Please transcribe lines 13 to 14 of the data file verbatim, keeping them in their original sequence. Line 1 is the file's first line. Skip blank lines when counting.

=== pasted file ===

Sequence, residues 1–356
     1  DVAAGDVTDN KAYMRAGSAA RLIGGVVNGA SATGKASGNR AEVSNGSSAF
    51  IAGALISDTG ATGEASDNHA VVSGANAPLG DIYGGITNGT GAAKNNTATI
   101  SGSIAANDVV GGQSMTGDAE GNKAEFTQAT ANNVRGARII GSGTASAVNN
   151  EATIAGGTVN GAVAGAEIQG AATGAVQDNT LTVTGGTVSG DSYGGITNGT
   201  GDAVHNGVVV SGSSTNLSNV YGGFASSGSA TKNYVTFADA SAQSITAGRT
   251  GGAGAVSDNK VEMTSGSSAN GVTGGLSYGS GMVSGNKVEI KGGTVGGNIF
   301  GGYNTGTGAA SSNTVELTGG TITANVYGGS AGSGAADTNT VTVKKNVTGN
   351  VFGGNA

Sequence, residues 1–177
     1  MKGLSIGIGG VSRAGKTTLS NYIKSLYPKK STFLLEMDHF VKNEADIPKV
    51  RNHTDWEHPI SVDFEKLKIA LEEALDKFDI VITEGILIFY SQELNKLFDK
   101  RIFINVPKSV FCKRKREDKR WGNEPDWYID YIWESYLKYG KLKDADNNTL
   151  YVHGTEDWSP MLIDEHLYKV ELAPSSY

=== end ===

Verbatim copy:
   101  RIFINVPKSV FCKRKREDKR WGNEPDWYID YIWESYLKYG KLKDADNNTL
   151  YVHGTEDWSP MLIDEHLYKV ELAPSSY